It seems to me that DeYoung's audience (and maybe I am wrong about this) is primarily made up of conservative Christians, readers of The Gospel Coalition blogs, those who lean toward or are Reformed, those who are trying to answer the question, "How do the sola gratia, sola fide, and sola Christo of the gospel relate to the holiness of God and my sanctification?"

These repeated moments of confusion in The Hole in Our Holiness become a shadowy straw man, subtly calling into question the teaching of those who preach and teach "the unimpeachable nature of our justification." It would be a shame for anyone to think he should be concerned or suspicious of bold, unapologetic, unqualified gospel proclamation.

My concern is that those who fear that the gospel can be overemphasized and should be balanced, maybe even limited by law will find fuel for their worry in DeYoung's words, instead of realizing that these two realities for the Christian--that we are freely justified by faith as a gift AND that God calls believers to lives of obedience and holiness--are complementary truths and gain their meaning and power in relation to each other not in opposition to each other.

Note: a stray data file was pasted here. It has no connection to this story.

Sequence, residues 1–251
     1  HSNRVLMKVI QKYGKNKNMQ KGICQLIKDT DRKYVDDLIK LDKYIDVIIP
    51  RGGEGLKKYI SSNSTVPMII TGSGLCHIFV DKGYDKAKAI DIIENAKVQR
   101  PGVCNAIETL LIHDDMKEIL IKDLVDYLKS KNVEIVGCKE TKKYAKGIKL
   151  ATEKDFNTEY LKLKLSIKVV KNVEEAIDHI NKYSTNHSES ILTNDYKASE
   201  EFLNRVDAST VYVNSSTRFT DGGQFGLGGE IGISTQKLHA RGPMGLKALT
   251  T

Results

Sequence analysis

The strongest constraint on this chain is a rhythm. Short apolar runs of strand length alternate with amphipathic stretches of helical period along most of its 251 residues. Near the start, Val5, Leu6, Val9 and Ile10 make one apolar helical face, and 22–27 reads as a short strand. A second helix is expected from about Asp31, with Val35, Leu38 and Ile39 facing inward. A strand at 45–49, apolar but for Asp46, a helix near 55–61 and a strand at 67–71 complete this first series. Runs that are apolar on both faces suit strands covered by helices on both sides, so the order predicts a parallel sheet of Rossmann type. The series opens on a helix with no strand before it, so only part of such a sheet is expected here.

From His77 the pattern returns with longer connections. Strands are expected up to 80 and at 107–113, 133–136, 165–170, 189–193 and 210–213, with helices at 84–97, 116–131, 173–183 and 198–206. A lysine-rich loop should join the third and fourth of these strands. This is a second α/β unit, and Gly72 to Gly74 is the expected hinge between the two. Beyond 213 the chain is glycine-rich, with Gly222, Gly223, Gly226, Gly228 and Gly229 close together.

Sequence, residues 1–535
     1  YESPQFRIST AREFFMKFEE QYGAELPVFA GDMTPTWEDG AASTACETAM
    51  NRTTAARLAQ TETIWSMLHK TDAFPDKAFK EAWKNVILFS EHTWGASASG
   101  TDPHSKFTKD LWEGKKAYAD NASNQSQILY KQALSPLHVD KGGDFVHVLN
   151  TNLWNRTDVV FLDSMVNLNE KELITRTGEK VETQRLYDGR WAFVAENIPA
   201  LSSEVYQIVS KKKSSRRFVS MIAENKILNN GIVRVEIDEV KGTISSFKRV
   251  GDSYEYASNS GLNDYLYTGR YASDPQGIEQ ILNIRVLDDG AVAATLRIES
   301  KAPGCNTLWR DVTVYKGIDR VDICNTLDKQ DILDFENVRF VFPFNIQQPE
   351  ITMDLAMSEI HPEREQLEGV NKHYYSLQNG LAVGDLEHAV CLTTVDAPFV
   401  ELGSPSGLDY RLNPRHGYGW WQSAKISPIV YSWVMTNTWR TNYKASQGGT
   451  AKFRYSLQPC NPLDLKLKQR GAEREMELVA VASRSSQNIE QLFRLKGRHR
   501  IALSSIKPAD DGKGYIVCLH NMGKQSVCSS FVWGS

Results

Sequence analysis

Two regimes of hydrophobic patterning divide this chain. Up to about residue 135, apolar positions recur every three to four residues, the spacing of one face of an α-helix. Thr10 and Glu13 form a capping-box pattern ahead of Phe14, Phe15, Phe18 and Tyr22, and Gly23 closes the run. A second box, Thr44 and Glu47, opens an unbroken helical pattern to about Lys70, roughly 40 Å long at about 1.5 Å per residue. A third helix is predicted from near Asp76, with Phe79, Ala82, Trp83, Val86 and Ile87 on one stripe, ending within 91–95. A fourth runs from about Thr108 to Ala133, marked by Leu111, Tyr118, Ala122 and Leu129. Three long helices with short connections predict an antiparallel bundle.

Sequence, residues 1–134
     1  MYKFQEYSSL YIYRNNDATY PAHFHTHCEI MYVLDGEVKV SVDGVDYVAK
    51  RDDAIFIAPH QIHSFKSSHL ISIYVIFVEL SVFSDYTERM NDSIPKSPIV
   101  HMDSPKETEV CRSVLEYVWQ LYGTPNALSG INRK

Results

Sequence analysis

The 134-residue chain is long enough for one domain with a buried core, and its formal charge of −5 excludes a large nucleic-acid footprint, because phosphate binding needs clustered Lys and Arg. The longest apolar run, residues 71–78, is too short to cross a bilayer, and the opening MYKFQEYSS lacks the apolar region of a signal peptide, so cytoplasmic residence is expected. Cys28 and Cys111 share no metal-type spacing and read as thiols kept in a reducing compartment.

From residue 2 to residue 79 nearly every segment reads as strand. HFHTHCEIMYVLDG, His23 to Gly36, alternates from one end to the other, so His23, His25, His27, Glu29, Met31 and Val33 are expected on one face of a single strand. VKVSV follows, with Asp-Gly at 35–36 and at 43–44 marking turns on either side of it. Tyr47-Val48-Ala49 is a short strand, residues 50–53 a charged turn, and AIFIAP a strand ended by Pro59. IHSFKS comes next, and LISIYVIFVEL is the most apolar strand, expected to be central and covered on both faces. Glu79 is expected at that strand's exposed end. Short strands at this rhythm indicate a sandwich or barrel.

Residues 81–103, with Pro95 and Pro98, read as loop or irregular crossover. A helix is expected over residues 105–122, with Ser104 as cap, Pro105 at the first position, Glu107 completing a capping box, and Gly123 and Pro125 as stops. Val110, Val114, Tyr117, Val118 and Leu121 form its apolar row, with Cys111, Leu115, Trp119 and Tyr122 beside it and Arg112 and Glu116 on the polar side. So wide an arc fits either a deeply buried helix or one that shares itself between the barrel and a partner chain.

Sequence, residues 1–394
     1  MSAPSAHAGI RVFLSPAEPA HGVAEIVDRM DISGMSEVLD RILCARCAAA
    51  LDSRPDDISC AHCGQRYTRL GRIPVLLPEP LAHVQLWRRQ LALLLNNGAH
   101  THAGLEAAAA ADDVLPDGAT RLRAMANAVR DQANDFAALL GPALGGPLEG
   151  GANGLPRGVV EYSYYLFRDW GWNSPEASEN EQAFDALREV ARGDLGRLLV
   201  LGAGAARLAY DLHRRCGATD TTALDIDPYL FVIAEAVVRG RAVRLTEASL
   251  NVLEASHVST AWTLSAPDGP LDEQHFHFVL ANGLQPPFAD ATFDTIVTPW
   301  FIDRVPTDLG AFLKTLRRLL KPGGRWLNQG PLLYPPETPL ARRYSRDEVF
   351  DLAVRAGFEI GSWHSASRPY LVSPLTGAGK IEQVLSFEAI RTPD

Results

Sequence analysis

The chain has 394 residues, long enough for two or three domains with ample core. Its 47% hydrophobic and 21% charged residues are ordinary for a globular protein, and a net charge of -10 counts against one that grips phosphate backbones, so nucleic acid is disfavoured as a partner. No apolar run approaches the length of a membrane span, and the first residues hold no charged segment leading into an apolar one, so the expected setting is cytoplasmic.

I may be too critical in highlighting this one particular weakness in The Hole in Our Holiness. Overall, I appreciated DeYoung's exhortation to Christians to strive to live obedient lives and to follow God's law in light of our justification, union with Christ, and new identity in him. I recognize the need in my own life to be awakened to the beauty of God's holiness and to strive more and more to follow after Christ and his righteousness. Despite the shortcoming discussed here, I am thankful to Pastor DeYoung for his kind and powerful call to this life of obedience and I heartily recommend his book.

Saturday, January 19, 2013

The Amazing Magna-Tiles ~ Toy Recommendation

I have to pass along this amazing toy that my kids love ~
(drumroll please)


They've received Magna-tiles for several birthdays and Christmases, 
adding to their collection and expanding their building possibilities.
They play with it every day constructing houses, flying ships, 
horse corrals, castles, and other feats of engineering.

 The tiles are basically indestructable plastic shapes with magnetic edges 
that click together to create all sorts of wild and useful (for play) structures. 

Jack and Elizabeth almost never use the buildings and sets that come 
with their Playmobile kits, because Magna-tile buildings are so much more versatile.